Due to high water use during the summer, the City of St. Francis will be enforcing an odd-even watering ban. Odd addresses may water on ODD days only. EVEN addresses may water on EVEN days only. The day BEGINS and ENDS AT MIDNIGHT. You may not sprinkle between the hours of 10 AM and 7 PM. Restrictions begin on May 1st and run through September 30th.
New sod and seed is exempt for 30 days only. You MUST notify the Public Works Dept. at (763) 753-2630 prior to sod/seed installation.
Water Saving Quick Tips:
- Use low-flow fixtures
- Check for leaking/running toilets
- Only water grass 1 inch per week
- Check water softeners often for optimal operation
- Use phosphate-free products
- Ensure household plumbing is in good repair
St. Francis Water System
The City of St. Francis gets it water from 3 deep wells; one is finished in the Mt. Simon aquifer and two are finished in a Quaternary Buried Artesian aquifer. The distribution system consists of approximately 35 miles of water main, 344 fire hydrants, 568 gate valves, and approximately 1,500 water service connections. The City’s water tower has a storage capacity of 750,000 gallons. An additional 1.2 Million Gallons of storage are available at the Water Treatment Plant. Chlorine and fluoride are added to the water for disinfection and dental hygiene. An orthophosphate is added for corrosion control in your interior plumbing. Learn more.
Liquid Assets MN
This program explores concerns about Minnesota’s aging water infrastructure. Many drinking water systems, sanitary sewers and storm sewers throughout the state are rapidly approaching the end of their useful life, so communities of all sizes are trying to come up with ways to replace these vital utilities that are routinely taken for granted. It can be viewed from TPT’s video vault.
Annual Water Reports
Water Conservation Tips
Is my water safe to drink?
Definitely! St. Francis water meets all of the Environmental Protection Agency’s health and aesthetic standards for safe drinking water.
Is the water in St. Francis hard?
St. Francis water is classified as very hard with 13-14 grains per gallon. Water hardness is due principally to calcium and magnesium. Water is generally harder in areas where calcium and magnesium rich limestone rocks are present. St. Francis pumps its water from aquifers in dolomite/limestone rock formation.
Is there fluoride in my water?
Yes. The groundwater naturally contains a small amount of fluoride. The Water Department then adds more fluoride to bring the total amount to the Minnesota Department of Health standards (.9 to 1.4 mg/l).
Should I buy bottled water?
This is a personal decision. Remember that US bottled water is less regulated than municipal water and bottled water costs up to a 1,000 times more than St. Francis water.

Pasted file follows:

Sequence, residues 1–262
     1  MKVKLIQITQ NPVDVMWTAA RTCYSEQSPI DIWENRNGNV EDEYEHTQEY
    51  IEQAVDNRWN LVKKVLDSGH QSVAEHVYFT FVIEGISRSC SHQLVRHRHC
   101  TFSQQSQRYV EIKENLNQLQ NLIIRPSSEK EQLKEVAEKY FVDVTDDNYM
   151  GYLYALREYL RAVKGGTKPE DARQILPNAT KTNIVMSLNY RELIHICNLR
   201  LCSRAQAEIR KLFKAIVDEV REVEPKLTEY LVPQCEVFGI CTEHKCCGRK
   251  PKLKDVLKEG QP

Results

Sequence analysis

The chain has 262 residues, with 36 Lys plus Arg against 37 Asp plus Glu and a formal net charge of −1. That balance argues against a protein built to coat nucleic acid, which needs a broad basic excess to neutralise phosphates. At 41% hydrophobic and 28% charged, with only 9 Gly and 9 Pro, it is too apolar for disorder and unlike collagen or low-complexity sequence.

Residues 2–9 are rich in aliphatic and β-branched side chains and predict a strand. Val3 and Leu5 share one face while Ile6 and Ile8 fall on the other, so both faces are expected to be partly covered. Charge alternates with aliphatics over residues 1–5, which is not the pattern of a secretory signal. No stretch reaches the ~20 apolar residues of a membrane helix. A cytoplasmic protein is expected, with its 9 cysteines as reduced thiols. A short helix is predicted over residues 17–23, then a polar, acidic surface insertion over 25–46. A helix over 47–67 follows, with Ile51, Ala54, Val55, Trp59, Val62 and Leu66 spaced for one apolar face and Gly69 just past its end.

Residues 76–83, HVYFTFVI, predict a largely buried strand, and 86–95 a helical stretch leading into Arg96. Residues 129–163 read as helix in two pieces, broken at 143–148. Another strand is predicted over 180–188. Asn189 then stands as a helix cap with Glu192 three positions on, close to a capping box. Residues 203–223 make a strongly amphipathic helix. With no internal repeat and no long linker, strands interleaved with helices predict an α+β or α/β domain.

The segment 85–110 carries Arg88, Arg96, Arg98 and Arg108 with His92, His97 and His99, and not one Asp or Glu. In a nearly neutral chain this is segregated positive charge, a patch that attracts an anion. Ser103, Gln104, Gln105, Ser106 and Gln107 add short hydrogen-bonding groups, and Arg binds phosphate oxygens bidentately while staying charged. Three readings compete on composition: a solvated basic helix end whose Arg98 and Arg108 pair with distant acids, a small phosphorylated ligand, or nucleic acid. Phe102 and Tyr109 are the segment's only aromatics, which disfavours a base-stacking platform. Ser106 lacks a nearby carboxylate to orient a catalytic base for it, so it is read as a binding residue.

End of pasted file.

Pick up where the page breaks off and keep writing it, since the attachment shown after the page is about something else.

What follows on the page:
Should I install a water filter in my home?
This is a personal decision. A water filter is not required for the municipal water in St. Francis to meet drinking water standards. If the water is not to your liking, then you may want to consider a home treatment unit. Most filters will remove the large chlorine ions, which is added to the water to kill harmful bacteria and fluoride ions, which strengthen teeth.
Should I install a water softener in my home?
St. Francis has very hard water that may cause scale buildup on your fixtures or spots on your dishes. If you are bothered by this a water softener should help. Soft water rinses off better, and you generally use less soap for your dishes and laundry.
What causes the white scale on my sink and fixtures?
Deposits of calcium and magnesium build up over time. These two minerals make up most of the hardness in your water. Hard water is not harmful.
Where does St. Francis' water come from?
Groundwater is pumped from 3 deep wells, ranging from 229 to 417 feet deep. The groundwater is located in the Mt. Simon aquifer (Well #1) and Quaternary Buried Artesian aquifers (Wells #3 and #4). St. Francis has the capacity to pump over 4.3 million gallons per day if needed.
Why do we store water in water towers?
- A large amount of water may be needed to fight a large fire.
- When you turn on your faucet water flows out because the water in the pipes is under pressure and is pushed out. The weight of the water in the water tower provides your house with water pressure. The higher the water is above you, the more pressure you have.
- Excess storage means the well can pump water more efficiently. The wells can pump water all night into storage as we sleep for the large demand when everyone wakes up and gets ready to start their day. Water is also saved over weekdays for weekends when the majority of people use water to clean and do laundry. St. Francis’s elevated storage tank can hold 750,000 gallons of water. The Water Treatment Plant, has additional storage of 1.2 million gallons, giving a total storage capacity of 1.95 million gallons.